Saturday, December 02, 2006

as the 4th district turns

In this episode, we will go more into the chances of U.S. Rep. Tom Davis' (R-NoVA) DC-Utah House seat bill. ex-Sen. ex-VP candidate Jack Kemp and Mr. Davis believe the bill still has a chance:
"No one in our leadership has indicated to me that this is not possible," [] Davis [] said [] Friday. "The stars are aligned. The time is now."
"There remains a strong possibility of enacting the DC Voting Rights Act during the lame duck session of Congress," Kemp said. "Conversations I have had with House and Senate leadership about the bill have been positive and encouraging."

"No one [told] me [it's] not possible" and "strong possibility" are not exactly ringing endorsements of the bill's chances. That sounds like much less than the 50% that some pundits (like UVA's Larry Sabbato) have given the bill. When the media asked the Democrat most interested in the bill, this is what D.C.'s delegate told the Tribune:
Eleanor Holmes Norton[] says incoming speaker Nancy Pelosi has promised her continuing support of the bill if the GOP doesn't take up the measure next week. Pelosi is a co-sponsor of the legislation.
It's unclear, however, whether Utah will still be part of the legislation under a Democratic-controlled Congress.

So it sounds like D.C. could get its vote early in January and Utah might get nothing until 2012. But that's OK with the Tribune, whose headline reads "Utah voters' case pales in comparison with D.C.'s:"
While Utah has three U.S. House members and two senators, the district's nearly 600,000 residents have no vote in Congress, which, in addition to its other powers, controls the district's budget and laws.
"The people of Utah have expressed outrage over the loss of one congressional seat for the last six years," Utah Gov. Jon Huntsman Jr. testified before a congressional committee in September. "I share their outrage. I can't imagine what it must be like for American citizens to have no representation at all for over 200 years."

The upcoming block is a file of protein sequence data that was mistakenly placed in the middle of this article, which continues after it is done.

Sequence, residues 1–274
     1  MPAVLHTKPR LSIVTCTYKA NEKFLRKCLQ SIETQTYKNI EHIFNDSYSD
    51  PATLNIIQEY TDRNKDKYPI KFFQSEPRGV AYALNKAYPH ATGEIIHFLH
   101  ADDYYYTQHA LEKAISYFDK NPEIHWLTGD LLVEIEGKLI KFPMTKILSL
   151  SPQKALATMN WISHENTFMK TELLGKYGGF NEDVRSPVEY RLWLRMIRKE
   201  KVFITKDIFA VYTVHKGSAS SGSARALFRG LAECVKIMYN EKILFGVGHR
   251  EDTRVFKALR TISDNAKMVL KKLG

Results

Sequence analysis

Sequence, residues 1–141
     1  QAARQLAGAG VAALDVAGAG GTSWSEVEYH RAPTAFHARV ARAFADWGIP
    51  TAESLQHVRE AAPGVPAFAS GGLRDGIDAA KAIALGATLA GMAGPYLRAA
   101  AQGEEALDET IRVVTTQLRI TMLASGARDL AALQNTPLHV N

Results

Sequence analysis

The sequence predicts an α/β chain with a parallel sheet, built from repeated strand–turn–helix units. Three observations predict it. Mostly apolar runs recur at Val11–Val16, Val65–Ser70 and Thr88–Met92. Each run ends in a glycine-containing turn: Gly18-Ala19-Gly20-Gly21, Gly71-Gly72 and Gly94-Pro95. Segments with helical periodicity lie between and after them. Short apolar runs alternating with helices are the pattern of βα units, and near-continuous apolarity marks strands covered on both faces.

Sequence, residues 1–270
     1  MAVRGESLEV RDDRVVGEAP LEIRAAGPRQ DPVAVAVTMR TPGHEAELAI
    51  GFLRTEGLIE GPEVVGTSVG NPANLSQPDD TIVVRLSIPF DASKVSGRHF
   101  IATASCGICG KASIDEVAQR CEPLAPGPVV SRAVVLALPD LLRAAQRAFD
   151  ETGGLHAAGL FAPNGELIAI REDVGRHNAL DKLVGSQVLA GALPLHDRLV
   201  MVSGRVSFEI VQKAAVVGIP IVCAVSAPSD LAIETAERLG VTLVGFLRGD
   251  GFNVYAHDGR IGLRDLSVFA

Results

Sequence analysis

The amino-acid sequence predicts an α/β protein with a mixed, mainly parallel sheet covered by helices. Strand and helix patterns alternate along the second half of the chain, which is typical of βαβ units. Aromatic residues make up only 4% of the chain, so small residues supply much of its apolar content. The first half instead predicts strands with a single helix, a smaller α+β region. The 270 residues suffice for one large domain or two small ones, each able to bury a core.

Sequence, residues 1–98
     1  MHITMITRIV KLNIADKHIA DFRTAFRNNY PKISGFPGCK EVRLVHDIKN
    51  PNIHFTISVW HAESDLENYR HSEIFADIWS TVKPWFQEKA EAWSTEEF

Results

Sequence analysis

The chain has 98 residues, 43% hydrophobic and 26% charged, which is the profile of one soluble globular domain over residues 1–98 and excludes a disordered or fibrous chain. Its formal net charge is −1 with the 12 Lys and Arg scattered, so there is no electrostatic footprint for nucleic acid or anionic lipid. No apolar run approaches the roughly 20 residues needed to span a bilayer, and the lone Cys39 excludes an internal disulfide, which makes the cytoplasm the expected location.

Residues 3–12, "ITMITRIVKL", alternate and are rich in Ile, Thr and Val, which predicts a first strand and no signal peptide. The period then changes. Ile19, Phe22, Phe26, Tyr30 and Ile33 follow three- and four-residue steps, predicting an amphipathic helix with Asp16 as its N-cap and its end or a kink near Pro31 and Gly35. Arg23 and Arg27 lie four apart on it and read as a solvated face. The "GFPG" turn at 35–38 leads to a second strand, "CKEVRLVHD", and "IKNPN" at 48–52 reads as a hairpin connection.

There is some interesting history about DC's attempts to get a vote that I didn't know about either
In 1978, Congress sent the states another constitutional amendment that would allow the district to have a House member, but only 16 of the required 38 states ratified the change, and it expired in 1985.
The district also called a Constitutional Convention in 1980, a state constitution was drafted for "New Columbia," and it was submitted to be part of the union. But it was all for naught. The amendment didn't pass.

And of course, almost all of us know why nothing has happened in terms of D.C. getting Congressional voting rights:
Mark David Richards is a political sociologist who did his doctoral dissertation on the history of the District of Columbia. He says for much of the time the district has been seeking full voting rights, the opposition derived, at least in part, from racial undertones. Blacks make up 62 percent of the district's population, according to the 2000 census.
But now, Richards says, some of the opposition to granting the district voting rights is pure politics - if the city gained a House member or senators, there's little doubt the Democrat-filled city would elect only those with donkeys on their campaign signs.

With Democrats in control of Congress, I don't know why they don't try the Davis bill or something else that gives DC a vote. Retrocession the District (save the National Mall and other Federal buildings) back to Maryland would work, but Maryland doesn't want to deal with the mess that Congress has made of DC. Why not just pass a bill to allow D.C. voters to vote in MD's senate race and give DC a vote in the House. Under the constitution, Congress can do whatever the hell it wants within the 10 miles square of the District (Art I, Sec. 8, cl. 17).

I will keep on this story dear reader until the Davis bill fails or another DC bill is brought up in the 110th Congress.

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